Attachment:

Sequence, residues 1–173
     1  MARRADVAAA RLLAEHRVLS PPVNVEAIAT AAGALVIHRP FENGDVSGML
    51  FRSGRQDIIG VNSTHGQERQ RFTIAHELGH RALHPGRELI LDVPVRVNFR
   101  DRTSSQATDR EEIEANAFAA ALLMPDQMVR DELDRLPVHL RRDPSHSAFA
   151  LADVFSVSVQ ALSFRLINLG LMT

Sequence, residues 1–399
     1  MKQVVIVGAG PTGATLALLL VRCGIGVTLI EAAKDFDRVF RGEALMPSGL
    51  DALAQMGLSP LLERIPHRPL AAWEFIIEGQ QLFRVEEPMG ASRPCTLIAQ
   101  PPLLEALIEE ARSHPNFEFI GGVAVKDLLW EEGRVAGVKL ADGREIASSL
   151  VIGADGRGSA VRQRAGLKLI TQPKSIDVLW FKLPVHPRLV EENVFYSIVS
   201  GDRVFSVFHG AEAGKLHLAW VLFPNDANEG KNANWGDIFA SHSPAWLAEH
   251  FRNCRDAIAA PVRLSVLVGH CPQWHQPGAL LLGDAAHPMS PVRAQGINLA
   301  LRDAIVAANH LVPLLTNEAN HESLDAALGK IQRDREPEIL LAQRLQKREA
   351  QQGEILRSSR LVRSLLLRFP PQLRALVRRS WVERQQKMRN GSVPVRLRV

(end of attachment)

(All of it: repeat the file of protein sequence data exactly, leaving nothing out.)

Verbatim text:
Sequence, residues 1–173
     1  MARRADVAAA RLLAEHRVLS PPVNVEAIAT AAGALVIHRP FENGDVSGML
    51  FRSGRQDIIG VNSTHGQERQ RFTIAHELGH RALHPGRELI LDVPVRVNFR
   101  DRTSSQATDR EEIEANAFAA ALLMPDQMVR DELDRLPVHL RRDPSHSAFA
   151  LADVFSVSVQ ALSFRLINLG LMT

Sequence, residues 1–399
     1  MKQVVIVGAG PTGATLALLL VRCGIGVTLI EAAKDFDRVF RGEALMPSGL
    51  DALAQMGLSP LLERIPHRPL AAWEFIIEGQ QLFRVEEPMG ASRPCTLIAQ
   101  PPLLEALIEE ARSHPNFEFI GGVAVKDLLW EEGRVAGVKL ADGREIASSL
   151  VIGADGRGSA VRQRAGLKLI TQPKSIDVLW FKLPVHPRLV EENVFYSIVS
   201  GDRVFSVFHG AEAGKLHLAW VLFPNDANEG KNANWGDIFA SHSPAWLAEH
   251  FRNCRDAIAA PVRLSVLVGH CPQWHQPGAL LLGDAAHPMS PVRAQGINLA
   301  LRDAIVAANH LVPLLTNEAN HESLDAALGK IQRDREPEIL LAQRLQKREA
   351  QQGEILRSSR LVRSLLLRFP PQLRALVRRS WVERQQKMRN GSVPVRLRV